McAfee Knob in Virginia, Mount Katahdin, Maine, and the Grayson Highlands of Virginia are three of the multiple landmarks Wright encountered along the Appalachian Trail.

The driveway that leads from Route 15 to Riverside Park in Whitesburg is easy to miss.

It peels off from the main road and leads down to a gravel parking lot cozied up along the bank of the North Fork Kentucky River.

On a Sunday afternoon last fall, Patty Amburgey stood here and thought about her husband.


His name is one of dozens etched on a black memorial stone erected in October to honor coal miners who worked in the surrounding mountains and died of black lung disease.

Like many other widows in Eastern Kentucky, Amburgey spent the last years of her husband’s life caring for him as the


By Brianna Stanley

This year marks two firsts in the Appalachian Studies Association conference’s 43-year history — the first time it’s being held at UK and the first time it’s had a main focus on the forests of the region.

The theme of this year’s ASA conference, “Appalachian Understories: Growing Hope and Resilience from Commonwealth to Global Commons,” refers not only to the understory of the forest ecologically speaking, but also to the stories of beauty, cultural pride and growth in Appalachia that are so often overshadowed by derogatory stereotypes.

Isabel Jenkins

Within a forest context, an “understory” is the biodiverse plant, animal, and fungus life that exists below the tree canopy, often growing partially in shadow. It’s the overlooked nutrient-rich leaf litter, the mosses and acorns and soils, the seedlings striving towards the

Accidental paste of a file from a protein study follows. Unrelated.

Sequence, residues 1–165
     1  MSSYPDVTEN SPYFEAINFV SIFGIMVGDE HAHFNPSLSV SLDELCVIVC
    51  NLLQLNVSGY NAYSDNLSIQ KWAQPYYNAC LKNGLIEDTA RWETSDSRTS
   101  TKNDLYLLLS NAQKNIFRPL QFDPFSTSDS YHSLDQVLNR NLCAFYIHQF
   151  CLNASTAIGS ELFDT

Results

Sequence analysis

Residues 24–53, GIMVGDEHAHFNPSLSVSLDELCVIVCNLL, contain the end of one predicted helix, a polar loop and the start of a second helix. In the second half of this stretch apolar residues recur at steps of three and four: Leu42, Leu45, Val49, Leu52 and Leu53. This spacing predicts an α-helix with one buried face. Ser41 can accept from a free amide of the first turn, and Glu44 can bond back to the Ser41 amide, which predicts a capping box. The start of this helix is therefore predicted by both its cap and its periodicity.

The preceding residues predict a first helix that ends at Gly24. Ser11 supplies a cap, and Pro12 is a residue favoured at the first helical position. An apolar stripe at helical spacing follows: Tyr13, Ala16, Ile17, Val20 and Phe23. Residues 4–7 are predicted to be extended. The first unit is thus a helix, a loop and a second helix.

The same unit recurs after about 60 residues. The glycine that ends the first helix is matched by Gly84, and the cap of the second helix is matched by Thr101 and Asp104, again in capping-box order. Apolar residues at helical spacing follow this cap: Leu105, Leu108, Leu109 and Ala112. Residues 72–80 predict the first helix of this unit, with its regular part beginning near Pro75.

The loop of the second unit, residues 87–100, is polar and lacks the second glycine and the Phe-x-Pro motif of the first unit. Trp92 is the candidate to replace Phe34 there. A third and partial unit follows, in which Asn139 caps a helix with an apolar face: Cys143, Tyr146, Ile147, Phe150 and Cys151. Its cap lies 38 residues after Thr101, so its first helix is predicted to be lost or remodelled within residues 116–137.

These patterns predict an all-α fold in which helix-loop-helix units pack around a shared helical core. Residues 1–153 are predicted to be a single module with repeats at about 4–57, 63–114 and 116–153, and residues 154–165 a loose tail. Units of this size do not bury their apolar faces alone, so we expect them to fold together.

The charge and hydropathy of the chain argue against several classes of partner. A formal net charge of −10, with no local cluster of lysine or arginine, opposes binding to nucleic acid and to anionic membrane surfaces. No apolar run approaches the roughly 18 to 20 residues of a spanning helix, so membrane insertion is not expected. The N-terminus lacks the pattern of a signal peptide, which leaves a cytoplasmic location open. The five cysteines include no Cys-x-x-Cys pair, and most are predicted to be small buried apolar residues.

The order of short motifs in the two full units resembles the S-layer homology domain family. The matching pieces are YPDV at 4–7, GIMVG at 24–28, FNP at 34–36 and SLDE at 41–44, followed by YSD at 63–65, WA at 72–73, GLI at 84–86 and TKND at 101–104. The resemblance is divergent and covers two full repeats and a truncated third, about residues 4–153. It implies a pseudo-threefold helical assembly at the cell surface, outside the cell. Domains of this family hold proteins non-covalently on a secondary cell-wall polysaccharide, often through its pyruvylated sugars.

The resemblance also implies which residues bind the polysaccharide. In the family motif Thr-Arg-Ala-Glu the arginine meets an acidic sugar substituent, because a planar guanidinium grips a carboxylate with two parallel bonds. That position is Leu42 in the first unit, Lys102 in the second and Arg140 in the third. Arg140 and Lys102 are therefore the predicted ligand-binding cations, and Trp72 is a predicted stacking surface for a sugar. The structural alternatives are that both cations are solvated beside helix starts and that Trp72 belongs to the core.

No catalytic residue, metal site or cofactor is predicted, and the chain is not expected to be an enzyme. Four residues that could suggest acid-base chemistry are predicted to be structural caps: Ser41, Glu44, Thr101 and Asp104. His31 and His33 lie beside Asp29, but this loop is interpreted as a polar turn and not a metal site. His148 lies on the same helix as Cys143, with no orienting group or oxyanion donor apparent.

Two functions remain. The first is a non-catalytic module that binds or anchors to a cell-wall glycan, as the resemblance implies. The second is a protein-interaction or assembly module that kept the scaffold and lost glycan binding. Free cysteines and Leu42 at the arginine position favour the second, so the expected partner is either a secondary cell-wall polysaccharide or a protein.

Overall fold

By Dan Radmacher

Census workers will only visit residences in person if the household does not respond to repeated mailings. Photo courtesy of the U.S. Census Bureau

Money and power.

Those are the stakes for residents of Appalachia as the U.S. Census Bureau conducts the 2020 decennial census — which will help determine how roughly $1 trillion in federal funding is distributed over the next 10 years as well as which states lose congressional representatives and which gain them.

“The Census count guides federal funding for more than 300 programs,” says Kelly Allen, West Virginia Center on Budget and Policy’s director of policy engagement. Those programs include school lunches, food stamps, children’s health insurance, Head Start, Medicare, Medicaid and the Low-Income Energy Assistance Program, among other services such as roads.

Because the


By Sarah Michels


In the days before Spring Break, UK’s campus usually goes silent, a ghost town somewhat reminiscent of a post-zombie apocalyptic society.

But not this year.

From Thursday, March 12, to Sunday, March 15, hundreds of students and faculty, from UK and other nearby universities, will spend the last days before their mid-semester vacation celebrating everything Appalachia.


For the first time ever, UK’s College of Arts and Sciences is hosting the Annual Appalachian Studies Association (ASA) Conference in Lexington. The four-day event, in its 43rd year, is a combination of scholarly and activist activity, community engagement, music, crafts and more, said Jennifer Cramer, the program chair for the ASA Conference.

“Technically UK is not in Appalachia, but as one of our colleagues likes to say, ‘

A photo of Jillean McCommons discussing a topic in front of a white board.

By Jenny Wells-Hosley 

In just a few weeks, the University of Kentucky will welcome students, scholars and activists to campus for the 43rd annual Appalachian Studies Association (ASA) conference March 12-15. Themed "Appalachian Understories," the conference will emphasize the often obscured voices of the region, including black Appalachians.

Jillean McCommons, a doctoral student in the UK College of Arts and Sciences' Department of History, studies black Appalachian history and is serving as an organizer for the upcoming conference. One of the conference's four plenaries, "Black Appalachian Women: Testimonies,